The refrain is painfully too familiar today to one peacemaker committed to some sense of unity.
So the Rev. Shanta Premawardhana cringes when he sees or hears a perspective of exclusivity that says, “My belief is right. And yours is wrong.”
Bringing together people at polar opposite ends of an issue into a spirit of reconciliation is the specialty and the mission of the 64-year-old, Chicago-based Christian seminaries leader. He will aim to do precisely that when he opens the local 2016 Reconciliation Day observance from 6:30 to 8 p.m. Tuesday at Donner Center, 739 22nd St. in Columbus.
“What we try to do, for example, is bring the issue of religion to its roots,” Premawardhana said, speaking by phone while traveling in New York. “We have to realize that, when it comes to Christianity, the values of Jesus were very different than the values that many Christians espouse today.”
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He last spoke in Columbus in 2006.
“This is not necessarily about solutions,” said Christine Lemley, among the leaders of Interfaith Forum of Columbus, which organized the event with the support of IUPUC. “This is about process and becoming more aware (of problems) to better take responsibility.
“So I think there will be consciousness raised.”
She outlined those challenges as racism, political polarity, tension between various faiths, struggles of groups such as the local LGBT population and social justice issues, obstacles created by growing poverty and related issues.
Premawardhana, an Alliance of Baptists member, is president of Seminary Consortium for Urban Pastoral Education. Previously, he served as director for interreligious dialogue and cooperation at the World Council of Churches in Geneva, Switzerland, and as associate general secretary for interfaith relations at the National Council of Churches of Christ in New York.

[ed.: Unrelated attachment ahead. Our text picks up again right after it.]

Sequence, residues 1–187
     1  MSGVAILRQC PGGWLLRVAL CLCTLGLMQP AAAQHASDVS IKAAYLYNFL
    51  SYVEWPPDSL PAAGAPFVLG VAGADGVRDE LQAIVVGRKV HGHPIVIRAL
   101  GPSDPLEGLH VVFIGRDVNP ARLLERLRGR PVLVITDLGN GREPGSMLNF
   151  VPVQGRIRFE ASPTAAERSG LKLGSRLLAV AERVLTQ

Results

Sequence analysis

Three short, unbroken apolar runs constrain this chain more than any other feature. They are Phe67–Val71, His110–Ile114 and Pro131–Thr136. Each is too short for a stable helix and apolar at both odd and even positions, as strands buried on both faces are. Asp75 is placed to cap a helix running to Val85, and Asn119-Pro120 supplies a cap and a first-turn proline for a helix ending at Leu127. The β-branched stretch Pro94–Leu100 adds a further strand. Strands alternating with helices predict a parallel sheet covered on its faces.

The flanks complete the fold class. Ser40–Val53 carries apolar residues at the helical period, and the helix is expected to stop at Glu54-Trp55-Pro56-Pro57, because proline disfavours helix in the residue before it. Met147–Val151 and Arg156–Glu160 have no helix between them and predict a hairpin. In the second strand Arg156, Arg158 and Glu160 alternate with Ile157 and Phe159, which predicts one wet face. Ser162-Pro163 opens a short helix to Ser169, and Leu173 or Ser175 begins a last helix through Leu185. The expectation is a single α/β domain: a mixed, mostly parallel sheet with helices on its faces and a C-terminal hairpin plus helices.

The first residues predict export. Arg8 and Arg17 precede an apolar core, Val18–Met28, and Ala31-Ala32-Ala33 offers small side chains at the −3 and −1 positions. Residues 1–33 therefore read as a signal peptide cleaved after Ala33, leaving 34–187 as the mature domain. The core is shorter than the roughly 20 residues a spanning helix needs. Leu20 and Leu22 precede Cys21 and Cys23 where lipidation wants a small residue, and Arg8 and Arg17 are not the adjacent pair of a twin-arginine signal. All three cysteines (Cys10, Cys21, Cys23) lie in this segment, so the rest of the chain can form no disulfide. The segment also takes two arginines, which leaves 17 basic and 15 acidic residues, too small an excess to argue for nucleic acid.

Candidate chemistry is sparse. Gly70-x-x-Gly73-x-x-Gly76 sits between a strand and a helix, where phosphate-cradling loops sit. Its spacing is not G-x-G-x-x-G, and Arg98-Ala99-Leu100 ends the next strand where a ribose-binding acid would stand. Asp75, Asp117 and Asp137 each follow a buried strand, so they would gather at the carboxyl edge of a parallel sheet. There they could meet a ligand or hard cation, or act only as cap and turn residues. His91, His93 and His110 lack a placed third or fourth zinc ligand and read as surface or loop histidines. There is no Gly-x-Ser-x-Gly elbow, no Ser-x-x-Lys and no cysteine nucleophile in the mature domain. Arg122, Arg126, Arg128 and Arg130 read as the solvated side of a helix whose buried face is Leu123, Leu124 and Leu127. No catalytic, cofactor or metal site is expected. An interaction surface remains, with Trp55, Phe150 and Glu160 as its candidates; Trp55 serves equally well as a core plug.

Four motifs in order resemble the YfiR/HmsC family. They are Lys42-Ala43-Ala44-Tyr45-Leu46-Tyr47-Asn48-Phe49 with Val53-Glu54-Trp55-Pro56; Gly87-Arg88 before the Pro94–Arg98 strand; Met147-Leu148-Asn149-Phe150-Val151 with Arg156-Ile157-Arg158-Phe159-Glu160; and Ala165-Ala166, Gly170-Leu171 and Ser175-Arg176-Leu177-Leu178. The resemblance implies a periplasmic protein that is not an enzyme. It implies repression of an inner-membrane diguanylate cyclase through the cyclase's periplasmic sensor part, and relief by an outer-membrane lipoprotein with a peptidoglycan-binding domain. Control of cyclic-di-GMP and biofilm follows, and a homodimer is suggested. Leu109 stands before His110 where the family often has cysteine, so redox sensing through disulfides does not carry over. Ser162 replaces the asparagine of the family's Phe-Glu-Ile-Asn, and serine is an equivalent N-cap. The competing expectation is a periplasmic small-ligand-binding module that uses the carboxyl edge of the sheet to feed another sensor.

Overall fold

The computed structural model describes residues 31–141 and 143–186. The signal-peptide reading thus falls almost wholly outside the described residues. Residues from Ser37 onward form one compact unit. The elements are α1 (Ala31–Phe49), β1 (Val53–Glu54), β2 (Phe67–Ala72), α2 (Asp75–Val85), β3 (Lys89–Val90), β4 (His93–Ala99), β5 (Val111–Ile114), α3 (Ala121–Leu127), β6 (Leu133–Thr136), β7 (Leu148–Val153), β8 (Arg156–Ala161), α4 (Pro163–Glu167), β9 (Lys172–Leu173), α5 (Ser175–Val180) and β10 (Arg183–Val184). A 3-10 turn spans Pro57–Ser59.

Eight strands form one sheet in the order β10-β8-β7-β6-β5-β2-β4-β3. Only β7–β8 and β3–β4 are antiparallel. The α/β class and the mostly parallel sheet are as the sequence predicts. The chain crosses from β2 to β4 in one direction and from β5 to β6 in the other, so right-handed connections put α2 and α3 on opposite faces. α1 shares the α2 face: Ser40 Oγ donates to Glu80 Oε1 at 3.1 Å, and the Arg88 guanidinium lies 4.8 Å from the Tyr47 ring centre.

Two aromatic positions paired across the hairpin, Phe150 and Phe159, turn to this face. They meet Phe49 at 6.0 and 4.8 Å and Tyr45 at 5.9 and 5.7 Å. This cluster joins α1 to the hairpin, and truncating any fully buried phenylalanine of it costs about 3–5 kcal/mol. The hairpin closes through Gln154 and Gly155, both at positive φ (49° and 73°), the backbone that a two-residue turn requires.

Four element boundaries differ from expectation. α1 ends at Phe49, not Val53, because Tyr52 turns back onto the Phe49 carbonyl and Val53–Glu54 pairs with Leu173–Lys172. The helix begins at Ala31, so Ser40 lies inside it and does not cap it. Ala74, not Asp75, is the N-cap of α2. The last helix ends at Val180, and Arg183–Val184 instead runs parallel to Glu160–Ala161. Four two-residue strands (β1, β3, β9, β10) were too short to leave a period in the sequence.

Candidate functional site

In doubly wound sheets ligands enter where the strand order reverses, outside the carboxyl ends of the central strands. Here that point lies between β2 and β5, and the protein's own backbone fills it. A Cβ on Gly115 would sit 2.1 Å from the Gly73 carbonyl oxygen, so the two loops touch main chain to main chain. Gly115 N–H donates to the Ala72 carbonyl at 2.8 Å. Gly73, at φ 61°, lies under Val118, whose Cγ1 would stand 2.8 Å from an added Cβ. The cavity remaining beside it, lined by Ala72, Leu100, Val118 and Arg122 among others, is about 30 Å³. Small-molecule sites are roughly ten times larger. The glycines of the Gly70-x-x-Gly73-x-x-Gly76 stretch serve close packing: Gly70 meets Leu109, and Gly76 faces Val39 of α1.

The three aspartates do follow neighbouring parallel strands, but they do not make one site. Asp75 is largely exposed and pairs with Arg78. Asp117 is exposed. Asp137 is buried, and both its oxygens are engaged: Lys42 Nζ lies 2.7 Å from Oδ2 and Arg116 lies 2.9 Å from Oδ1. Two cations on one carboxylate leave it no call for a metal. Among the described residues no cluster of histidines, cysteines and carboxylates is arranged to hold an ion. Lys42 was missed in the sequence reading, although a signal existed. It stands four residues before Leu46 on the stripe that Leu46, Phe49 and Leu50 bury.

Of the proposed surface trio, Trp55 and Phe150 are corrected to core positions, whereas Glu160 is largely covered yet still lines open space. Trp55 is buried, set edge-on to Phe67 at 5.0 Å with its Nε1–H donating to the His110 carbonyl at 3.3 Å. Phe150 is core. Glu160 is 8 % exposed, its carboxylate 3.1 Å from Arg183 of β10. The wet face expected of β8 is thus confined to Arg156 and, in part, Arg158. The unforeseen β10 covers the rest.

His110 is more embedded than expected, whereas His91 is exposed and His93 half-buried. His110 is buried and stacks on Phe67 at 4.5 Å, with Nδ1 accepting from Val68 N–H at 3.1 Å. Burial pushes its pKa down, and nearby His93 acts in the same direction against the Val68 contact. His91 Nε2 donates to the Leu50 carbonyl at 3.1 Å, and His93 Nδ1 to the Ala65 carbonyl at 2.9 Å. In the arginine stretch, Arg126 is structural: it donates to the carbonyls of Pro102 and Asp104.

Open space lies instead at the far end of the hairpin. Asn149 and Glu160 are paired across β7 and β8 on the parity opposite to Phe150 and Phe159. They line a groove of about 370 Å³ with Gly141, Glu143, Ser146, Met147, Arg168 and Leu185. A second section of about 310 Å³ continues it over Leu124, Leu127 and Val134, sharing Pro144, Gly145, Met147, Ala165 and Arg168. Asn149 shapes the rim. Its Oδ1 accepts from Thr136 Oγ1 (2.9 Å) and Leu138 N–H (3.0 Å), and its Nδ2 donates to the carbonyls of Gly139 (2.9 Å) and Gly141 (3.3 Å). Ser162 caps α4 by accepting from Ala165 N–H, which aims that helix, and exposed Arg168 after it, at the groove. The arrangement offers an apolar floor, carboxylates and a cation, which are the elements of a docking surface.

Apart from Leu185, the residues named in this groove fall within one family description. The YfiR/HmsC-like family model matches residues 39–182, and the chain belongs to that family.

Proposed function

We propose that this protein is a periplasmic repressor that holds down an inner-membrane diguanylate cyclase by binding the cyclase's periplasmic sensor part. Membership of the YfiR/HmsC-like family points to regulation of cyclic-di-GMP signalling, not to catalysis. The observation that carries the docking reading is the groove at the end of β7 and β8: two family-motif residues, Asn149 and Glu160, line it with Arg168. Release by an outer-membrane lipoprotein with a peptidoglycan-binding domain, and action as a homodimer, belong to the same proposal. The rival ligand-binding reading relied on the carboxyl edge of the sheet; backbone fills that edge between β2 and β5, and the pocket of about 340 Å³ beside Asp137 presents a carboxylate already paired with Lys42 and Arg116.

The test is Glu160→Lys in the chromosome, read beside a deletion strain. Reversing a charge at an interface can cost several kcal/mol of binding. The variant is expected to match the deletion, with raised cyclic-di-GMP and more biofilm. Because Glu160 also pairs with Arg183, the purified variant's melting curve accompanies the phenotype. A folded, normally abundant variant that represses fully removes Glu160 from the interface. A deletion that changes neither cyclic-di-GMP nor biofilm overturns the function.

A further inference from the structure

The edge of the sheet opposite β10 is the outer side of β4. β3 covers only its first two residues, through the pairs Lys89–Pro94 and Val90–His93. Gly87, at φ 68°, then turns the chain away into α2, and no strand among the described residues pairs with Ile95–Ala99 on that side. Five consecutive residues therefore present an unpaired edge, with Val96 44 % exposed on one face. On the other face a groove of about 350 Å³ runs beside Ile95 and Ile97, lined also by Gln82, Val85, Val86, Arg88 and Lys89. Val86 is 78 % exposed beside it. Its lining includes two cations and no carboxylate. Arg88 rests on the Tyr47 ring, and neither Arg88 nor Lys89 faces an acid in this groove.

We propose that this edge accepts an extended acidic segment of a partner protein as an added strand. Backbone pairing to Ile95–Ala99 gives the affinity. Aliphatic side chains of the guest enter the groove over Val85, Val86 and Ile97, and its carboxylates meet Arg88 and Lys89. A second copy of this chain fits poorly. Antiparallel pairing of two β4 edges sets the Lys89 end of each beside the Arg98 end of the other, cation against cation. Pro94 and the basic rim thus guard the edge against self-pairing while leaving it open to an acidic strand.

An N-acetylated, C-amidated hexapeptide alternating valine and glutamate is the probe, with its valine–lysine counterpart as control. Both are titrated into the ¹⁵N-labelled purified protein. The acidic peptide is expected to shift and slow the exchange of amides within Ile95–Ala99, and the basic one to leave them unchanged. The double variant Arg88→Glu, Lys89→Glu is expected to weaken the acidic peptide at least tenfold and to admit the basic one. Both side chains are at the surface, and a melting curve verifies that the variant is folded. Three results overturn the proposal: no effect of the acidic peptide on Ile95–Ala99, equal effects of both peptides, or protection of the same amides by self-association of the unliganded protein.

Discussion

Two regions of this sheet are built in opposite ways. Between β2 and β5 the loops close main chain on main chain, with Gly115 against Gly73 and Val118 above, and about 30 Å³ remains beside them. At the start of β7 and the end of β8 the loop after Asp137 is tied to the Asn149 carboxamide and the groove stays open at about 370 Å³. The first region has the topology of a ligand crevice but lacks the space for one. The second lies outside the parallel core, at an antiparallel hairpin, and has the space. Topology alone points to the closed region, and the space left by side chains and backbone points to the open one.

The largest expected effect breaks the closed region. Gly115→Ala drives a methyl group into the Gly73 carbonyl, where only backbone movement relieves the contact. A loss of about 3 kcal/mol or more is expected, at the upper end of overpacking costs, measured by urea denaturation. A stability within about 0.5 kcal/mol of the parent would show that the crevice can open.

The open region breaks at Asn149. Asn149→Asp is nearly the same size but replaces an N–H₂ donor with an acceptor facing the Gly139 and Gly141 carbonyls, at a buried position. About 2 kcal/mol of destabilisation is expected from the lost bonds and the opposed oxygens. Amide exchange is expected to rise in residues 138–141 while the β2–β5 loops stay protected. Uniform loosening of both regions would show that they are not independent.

In his post with the national council, he became familiar with the efforts of J. Irwin Miller, Columbus native and former Cummins Engine Co. executive who helped found the organization and also served as its first lay president in the early 1960s. Among other issues, Miller openly fought racism and segregation nationally and internationally even when it might have cost Cummins business.
“What a great example of reconciliation,” Premawardhana said emphatically. “He provided large support for the civil rights movement. We still hold him in very high regard.”
The native of Sri Lanka understands pluralism enough that he earned a doctorate in phenomenology of religions, with a specialty in Hinduism and Christianity. He said people today must learn to view issues at least briefly from others’ perspective in order to build bridges of understanding.
“For me, reconciliation means the ability to listen to and hear the other person’s values and be able to suspend judgment while standing in their shoes to look at something from their perspective.”
— The Rev. Premawardhana Shanta Premawardhana, president of Seminary Consortium for Urban Pastoral Education
Premawardhana knows how challenging this can be. He and a team of people are working now in Charlotte, North Carolina, in the wake of a police shooting and killing of a black resident. They also have done the same work in places such as Nigeria, where militant Islamists have pushed to try to create an Islamic state.
“I do not want to appear unduly optimistic or unrealistic,” he said, emphasizing that he encourages people to practice listening skills in small group settings. “The best learning happens when you allow others to teach people in a small-group setting.”
He has closely followed growing national figures showing an increasing percentage of Americans affiliated with no church — and seems hardly surprised. Figures from agencies such as the Barna Group and also Pew Research bear out this trend.
“Often, people today are fed up with organized religion,” he said. “They feel alienated and disconnected from religion. Often, people think about religion now as bigoted, and relating more to the past century than in this century. And they feel it no longer makes sense anymore.
“And it seems that many of those still pursuing religion are going to extreme religions, whether that’s in the fundamentalist Christian tradition or the radical Islamic tradition. So, then a huge divide is developing.
“Sadly, we are losing the middle group, the moderate religious institutions.”
Who: The Rev. Shanta Premawardhana, president of Seminary Consortium for Urban Pastoral Education, offering opening remarks at the local celebration of the 2016 Reconciliation Day. He also will guide workshop groups.
When: 6:30 to 8 p.m. Tuesday.
Where: Donner Center, 739 22nd St. in Columbus.
Admission: Free and open to everyone.
Organizers/sponsors: Interfaith Forum of Columbus and IUPUC.
Information: Interfaith Forum Facebook page.